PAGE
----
Fried Feta with Sesame Seeds

Fried feta with sesame seeds is combination of salty and sweet that creates maximum flavor. Save Print Sesame Coated Fried Feta Recipe type: Meze/Appetizer Serves: 2 pieces   Sesame coated fried feta is one of the easiest dishes, ready in minutes. Ingredients 8 ounce block of feta cheese 2 eggs ½ cup of flour ½ cup sesame seeds Olive oil, for frying Honey, for drizzling Instructions Cut the feta into squares or rectangles about ½ inch thick. Crack the eggs in a bowl wide enough to fit the feta and beat lightly with a fork. Add the flour on a plate. On a second plate, add the sesame seeds. Coat each piece of feta in the flour, and then the eggs, and then the sesame seeds. Be sure to coat well with each step, so all sides are covered. In a frying pan, heat olive oil (enough to shallow fry) over medium to high heat. Carefully add the feta and fry until nicely golden colored, and then flip and fry on the other side. Drain the feta …

Baklava

Everyone knows BAKLAVA. Layers of flaky phyllo pastry blanketed with ground nuts plus plenty of spice (and everything nice), soaked in a sweet honey syrup. Many consider baklava as the gold standard of Greek desserts. I’m not sure if this constitutes a mortal sin against Greek culture but I will say it anyway: I’m not the biggest fan of baklava. I do like lamb though, so hopefully that admission keeps my credibility up. At one point, I honestly considered not including a recipe for baklava on my blog. But then Zeus and his immortal pals conspired to change my mind. Two things happened in one week. I told my Yiayia Saltas, quite casually, that one of my clients wanted to learn how to make baklava. The next day she shows up with her own baklava recipe, handwritten just for me. That same day, I scanned through my late Yiayia Metos’ recipe book for a dinner recipe. Her recipe book is a treasure trove my mom and I hold onto. Many of her recipes, from desserts to main …

Lamb Kleftiko

DISCLOSURE: I don’t condone stealing. There is just one instance, however, where I do pardon a certain group of thieves because their act of stealing eventually gave the world a glorious gift. The thieves I’m speaking of are the klephts, an indigenous population that descended from the Greeks who fled into the mountains to escape—and from which to fight—the Turkish occupiers of Ottoman Greece. The klephts snuck from the mountains to steal grazing lambs or goats, then retreated back to the mountains to cook their stolen goods. The meat was seasoned with oregano and thyme or even wild garlic, placed in an underground pit and covered with soil and branches on top to trap the aromas and the smoke while cooking. Doing so helped to avoid detection from their adversaries. This sneaky style of cooking later became known as kleftiko—the food of the “klephts” or thieves. Over time, the method moved from underground pits to outdoor wood-fired ovens. These days, we make LAMB KLEFTIKO indoors, baked in any conventional oven. The lamb is either assembled …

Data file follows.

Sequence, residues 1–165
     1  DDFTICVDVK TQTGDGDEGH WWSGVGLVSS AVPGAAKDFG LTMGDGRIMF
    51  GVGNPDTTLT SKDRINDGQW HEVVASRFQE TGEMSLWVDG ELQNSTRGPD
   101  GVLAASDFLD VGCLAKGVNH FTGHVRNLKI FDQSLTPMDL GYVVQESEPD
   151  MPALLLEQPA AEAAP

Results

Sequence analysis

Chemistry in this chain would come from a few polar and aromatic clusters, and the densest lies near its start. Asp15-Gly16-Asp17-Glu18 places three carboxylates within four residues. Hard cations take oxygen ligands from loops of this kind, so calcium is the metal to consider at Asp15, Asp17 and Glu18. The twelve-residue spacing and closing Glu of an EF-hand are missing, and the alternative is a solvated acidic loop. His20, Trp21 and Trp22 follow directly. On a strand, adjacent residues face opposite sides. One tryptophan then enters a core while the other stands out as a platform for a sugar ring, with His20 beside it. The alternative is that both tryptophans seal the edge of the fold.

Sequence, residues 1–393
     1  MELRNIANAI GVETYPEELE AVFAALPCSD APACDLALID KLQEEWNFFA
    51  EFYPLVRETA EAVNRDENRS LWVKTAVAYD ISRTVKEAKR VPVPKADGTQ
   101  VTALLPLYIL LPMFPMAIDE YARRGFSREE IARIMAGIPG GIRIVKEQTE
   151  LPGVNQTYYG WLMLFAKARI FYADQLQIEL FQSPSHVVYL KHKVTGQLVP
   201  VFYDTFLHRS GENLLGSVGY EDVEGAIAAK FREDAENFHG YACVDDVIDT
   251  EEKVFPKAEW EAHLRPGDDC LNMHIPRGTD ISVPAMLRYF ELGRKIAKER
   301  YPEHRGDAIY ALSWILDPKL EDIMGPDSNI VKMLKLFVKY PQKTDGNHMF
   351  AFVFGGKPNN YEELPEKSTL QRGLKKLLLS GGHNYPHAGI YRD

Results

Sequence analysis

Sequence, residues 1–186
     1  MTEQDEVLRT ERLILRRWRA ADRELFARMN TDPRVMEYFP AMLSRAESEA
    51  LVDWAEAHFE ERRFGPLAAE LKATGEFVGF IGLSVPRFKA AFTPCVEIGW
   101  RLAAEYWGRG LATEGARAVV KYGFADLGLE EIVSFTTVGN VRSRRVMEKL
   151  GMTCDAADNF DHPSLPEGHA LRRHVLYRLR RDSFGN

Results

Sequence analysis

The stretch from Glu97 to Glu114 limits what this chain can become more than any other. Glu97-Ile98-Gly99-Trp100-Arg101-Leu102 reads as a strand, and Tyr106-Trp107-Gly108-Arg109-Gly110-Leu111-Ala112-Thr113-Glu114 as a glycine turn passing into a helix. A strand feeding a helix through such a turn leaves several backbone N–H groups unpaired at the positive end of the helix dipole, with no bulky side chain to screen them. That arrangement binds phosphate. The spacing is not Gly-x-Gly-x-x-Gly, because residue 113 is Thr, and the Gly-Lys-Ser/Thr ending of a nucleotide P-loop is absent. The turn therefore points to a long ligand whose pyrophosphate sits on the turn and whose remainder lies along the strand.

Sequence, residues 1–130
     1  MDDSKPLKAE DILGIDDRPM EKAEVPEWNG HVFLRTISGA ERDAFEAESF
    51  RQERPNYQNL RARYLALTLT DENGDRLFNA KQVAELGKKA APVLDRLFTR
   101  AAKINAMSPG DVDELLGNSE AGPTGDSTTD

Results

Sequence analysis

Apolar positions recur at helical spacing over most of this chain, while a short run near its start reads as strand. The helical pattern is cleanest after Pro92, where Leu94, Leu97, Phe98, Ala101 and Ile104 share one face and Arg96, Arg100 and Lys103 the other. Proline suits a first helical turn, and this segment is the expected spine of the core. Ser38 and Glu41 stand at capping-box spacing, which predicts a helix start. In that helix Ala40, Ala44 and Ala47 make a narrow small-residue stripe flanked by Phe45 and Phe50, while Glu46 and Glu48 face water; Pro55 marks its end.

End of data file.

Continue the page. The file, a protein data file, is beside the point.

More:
Bougatsa

How to impress a foodie: serve them BOUGATSA creaminess. How to impress a history buff: serve them bougatsa knowledge. Both the history buff and the foodie will wonder where bougatsa have been their whole lives. They say bougatsa originated in Serres, a city north of Thessalonaki where many Greeks immigrated during the Greco-Turkish war that ended in 1922. Making phyllo-wrapped pies and desserts was nothing particularly new, but the sweet pies in this region—filled with thick, rich cream—became a hit. The immigrants in Thessaloniki couldn’t get enough of the affordable, tasty treats. So, what makes bougatsa so delicious? Creamy semolina custard or soft mizithra cheese, topped with cinnamon and sugar. To taste the best mizithra cheese version, go to Crete. Visit Chania, if you can, sit in the historic limani (port) area, order one or two or three bougatsa and thank me later. And send me one while you’re at it. At home, I make my bougatsa with the semolina filling because quality mizithra is hard to find. Plus, it’s easy to make, not too …